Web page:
HTC unlocks its own phones, but not just to tick off Google. Probably.

Like Samsung, HTC's follows Motorola acquisition announcement with effort to open Android

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HTC, which just announced it would stick with Google and keep running Android on its best phones even though Google just bought one HTC's main competitors, continues the trend started by Samsung this week of needling Google by doing things that make it easier for people to mess with Android.

Samsung hired the founder and chief developer of the most popular developer of Android-modification firmware to work on its smartphone OS development team with the goal, he said in a Facebook update, of "making Android more awesome."

[6 products that could come from the Google-Motorola deal and Samsung responds to Motorola acquisition by hiring Google's biggest Android headache]

Google has been trying to lock Android down more, lately, in addition to buying Motorola for reasons that are cloudy but might include the need to stave off potential patent-trolling from Motorola if Google didn't come through with some love.

The acquisition is expected th produce a huge shift in the smartphone market, though no one is quite sure what that effect will be.

Nokia put out an announcement yesterday predicting the Google/Motorola connection would drive customers to Windows Phone 7. That seems like a chancy prediction, however, considering the Windows Phone 7 experience is currently driving customers to other operating systems.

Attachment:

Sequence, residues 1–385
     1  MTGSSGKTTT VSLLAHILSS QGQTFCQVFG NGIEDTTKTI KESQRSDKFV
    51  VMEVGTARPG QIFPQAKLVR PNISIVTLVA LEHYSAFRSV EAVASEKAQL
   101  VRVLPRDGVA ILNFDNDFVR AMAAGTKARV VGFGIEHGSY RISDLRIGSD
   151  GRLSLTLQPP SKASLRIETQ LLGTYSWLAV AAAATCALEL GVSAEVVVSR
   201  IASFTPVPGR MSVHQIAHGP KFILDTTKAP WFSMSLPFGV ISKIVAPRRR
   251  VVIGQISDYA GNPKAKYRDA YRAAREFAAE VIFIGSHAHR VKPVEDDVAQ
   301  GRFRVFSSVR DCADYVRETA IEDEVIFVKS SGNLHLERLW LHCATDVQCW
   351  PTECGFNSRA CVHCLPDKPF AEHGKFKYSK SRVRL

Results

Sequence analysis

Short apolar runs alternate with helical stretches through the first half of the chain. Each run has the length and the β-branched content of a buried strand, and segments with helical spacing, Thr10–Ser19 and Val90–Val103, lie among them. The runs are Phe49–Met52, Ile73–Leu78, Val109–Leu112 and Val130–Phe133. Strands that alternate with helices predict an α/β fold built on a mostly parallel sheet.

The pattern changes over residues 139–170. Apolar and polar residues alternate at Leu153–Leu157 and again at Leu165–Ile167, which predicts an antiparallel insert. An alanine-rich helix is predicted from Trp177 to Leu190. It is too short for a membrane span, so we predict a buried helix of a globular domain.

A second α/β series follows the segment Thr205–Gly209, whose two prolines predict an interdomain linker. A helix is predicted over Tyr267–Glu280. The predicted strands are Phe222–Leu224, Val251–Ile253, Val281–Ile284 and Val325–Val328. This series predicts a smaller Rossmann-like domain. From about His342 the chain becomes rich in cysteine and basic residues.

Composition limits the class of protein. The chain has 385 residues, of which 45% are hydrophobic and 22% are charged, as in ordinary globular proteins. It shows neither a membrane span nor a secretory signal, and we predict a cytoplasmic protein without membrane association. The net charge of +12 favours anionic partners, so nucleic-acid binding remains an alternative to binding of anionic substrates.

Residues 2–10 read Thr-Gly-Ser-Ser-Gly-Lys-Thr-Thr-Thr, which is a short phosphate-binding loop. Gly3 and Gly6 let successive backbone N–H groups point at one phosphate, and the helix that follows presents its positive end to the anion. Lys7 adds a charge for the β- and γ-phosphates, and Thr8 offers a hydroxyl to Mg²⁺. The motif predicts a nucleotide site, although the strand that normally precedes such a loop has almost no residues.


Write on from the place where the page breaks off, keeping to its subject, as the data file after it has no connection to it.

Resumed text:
While Samsung's gesture was a grand one, HTC is sticking with smaller ones that follow through on promises it made earlier in the year to deliver bootloader unlock tools for many of its most popular Android phones.

The software allows owners to get access to the operating system and system software protected as firmware on the phones and allow them to modify both to their hearts' content.

Most carriers lock down the operating system to keep customers from messing around with the OS, partly to reduce support costs and keep the phones' links to the cell network from being corrupted, but also to keep customers from adding software or services from third-party developers that the carriers would prefer to supply themselves – at a premium price.

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